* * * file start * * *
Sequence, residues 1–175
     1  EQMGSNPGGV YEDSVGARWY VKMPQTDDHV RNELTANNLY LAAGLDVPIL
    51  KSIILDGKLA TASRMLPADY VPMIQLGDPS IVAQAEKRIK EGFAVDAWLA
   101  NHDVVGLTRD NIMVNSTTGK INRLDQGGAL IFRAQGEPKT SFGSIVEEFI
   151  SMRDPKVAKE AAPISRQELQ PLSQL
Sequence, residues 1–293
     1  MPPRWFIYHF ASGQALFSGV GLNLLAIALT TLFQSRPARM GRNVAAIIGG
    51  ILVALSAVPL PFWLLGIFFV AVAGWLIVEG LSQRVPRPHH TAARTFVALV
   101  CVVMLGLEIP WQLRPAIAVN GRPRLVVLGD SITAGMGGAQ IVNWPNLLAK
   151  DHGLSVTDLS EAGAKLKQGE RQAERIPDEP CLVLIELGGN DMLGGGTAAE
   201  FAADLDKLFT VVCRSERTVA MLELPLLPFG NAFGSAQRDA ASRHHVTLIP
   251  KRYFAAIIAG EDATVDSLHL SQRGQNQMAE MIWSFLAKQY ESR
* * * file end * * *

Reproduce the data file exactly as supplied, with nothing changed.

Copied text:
Sequence, residues 1–175
     1  EQMGSNPGGV YEDSVGARWY VKMPQTDDHV RNELTANNLY LAAGLDVPIL
    51  KSIILDGKLA TASRMLPADY VPMIQLGDPS IVAQAEKRIK EGFAVDAWLA
   101  NHDVVGLTRD NIMVNSTTGK INRLDQGGAL IFRAQGEPKT SFGSIVEEFI
   151  SMRDPKVAKE AAPISRQELQ PLSQL
Sequence, residues 1–293
     1  MPPRWFIYHF ASGQALFSGV GLNLLAIALT TLFQSRPARM GRNVAAIIGG
    51  ILVALSAVPL PFWLLGIFFV AVAGWLIVEG LSQRVPRPHH TAARTFVALV
   101  CVVMLGLEIP WQLRPAIAVN GRPRLVVLGD SITAGMGGAQ IVNWPNLLAK
   151  DHGLSVTDLS EAGAKLKQGE RQAERIPDEP CLVLIELGGN DMLGGGTAAE
   201  FAADLDKLFT VVCRSERTVA MLELPLLPFG NAFGSAQRDA ASRHHVTLIP
   251  KRYFAAIIAG EDATVDSLHL SQRGQNQMAE MIWSFLAKQY ESR